Going Green

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Last week’s two-day global conference on climate change chaired by the United States was especially heartening to those of us who believe that peace, prosperity and harmony can be better achieved by skilful diplomacy and relationship-building, rather than sabre-rattling, confrontation and public posturing.

With the leaders of 40 countries dialing in via zoom, including President Xi of China, there was much to discuss, including the growing instability of the earth’s atmosphere and the urgent need for all countries to take action on gas emissions. According to the China Economic Review, “China, the world’s largest greenhouse gas emitter, has announced its goal of becoming carbon emission neutral by 2060.

The central bank governor Li Gang said that hitting that goal will cost China nearly RMB 139 trillion ($21 trillion), which is not a small sum. China’s use of coal for power production continued to increase last year by 0.6%, and in 2019, coal accounted for 57% of energy production. For this year, as part of its efforts to hit the 2060 target, the National Energy Administration (NEA) said the aim is to cut coal use to below 56% of energy consumption. In other words, it’s really tough to end coal addiction”.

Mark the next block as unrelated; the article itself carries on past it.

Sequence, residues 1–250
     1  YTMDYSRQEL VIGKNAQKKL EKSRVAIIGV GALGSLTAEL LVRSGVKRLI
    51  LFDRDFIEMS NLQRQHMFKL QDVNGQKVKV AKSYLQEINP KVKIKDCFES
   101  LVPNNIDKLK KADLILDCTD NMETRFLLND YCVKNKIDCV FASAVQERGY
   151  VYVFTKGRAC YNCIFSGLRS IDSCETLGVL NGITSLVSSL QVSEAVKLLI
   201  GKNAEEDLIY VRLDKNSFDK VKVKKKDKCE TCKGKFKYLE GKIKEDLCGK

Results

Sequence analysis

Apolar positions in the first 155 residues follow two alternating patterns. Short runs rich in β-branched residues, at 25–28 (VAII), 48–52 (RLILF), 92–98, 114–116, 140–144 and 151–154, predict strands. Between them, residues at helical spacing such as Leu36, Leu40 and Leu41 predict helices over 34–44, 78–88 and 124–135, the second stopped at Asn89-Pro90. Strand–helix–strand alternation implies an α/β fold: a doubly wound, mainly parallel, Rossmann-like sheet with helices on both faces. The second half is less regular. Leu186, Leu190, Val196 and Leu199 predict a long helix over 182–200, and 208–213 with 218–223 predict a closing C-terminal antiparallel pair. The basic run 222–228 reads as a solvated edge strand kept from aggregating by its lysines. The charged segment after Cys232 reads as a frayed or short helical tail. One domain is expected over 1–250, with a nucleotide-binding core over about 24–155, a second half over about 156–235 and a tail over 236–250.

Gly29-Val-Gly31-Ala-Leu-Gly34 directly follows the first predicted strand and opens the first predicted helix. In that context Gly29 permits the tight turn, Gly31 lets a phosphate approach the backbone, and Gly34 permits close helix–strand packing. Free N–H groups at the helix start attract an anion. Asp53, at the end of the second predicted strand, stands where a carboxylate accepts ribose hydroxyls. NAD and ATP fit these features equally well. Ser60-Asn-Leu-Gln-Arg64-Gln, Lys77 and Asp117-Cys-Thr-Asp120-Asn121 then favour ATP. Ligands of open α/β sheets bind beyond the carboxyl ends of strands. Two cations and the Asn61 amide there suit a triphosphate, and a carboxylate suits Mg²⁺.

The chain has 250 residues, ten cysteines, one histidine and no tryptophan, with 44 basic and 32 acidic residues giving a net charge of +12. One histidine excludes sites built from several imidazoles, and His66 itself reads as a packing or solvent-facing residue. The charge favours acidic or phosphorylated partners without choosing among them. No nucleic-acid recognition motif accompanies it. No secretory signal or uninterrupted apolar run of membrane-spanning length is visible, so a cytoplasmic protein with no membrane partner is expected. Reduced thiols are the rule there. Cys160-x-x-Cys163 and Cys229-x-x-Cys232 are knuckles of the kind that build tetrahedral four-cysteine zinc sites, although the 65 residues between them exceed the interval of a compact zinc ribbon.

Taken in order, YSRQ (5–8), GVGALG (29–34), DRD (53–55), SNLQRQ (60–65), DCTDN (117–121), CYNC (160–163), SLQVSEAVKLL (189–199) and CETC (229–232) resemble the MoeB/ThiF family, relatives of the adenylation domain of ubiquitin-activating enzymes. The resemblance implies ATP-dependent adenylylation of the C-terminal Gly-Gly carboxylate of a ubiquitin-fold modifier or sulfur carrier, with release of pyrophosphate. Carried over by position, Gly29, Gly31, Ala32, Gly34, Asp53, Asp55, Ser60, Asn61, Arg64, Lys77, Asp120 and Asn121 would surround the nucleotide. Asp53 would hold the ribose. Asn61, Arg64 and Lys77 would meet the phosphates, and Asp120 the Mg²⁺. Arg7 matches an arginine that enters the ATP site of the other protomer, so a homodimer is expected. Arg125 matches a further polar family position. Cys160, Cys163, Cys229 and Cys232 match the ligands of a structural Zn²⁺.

But it seems that, with only a few exceptions, global leaders are starting to face up to reality. US Secretary of State, Antony Blinken, who has been very critical of China on trade and IP related issues, acknowledged that America is “falling behind” in the green economy, pointing out that China holds nearly a third of the world’s renewable energy patents and is the world’s largest producer and exporter of solar panels, wind turbines, batteries and electric vehicles. He went on to say “it’s difficult to imagine the United States winning the long-term strategic competition with China if we cannot lead the renewable energy revolution” and, if the US did not catch up in clean energy investment, “America will miss the chance to shape the world’s climate future in a way that reflects our interests and values, and we’ll lose out on countless jobs for the American people”.

It seems that major existential threats like greenhouse gas emissions and global pandemics are complex challenges that can unite the two world superpowers, rather than divide them. Let’s hope that these encouraging words are turned into action.

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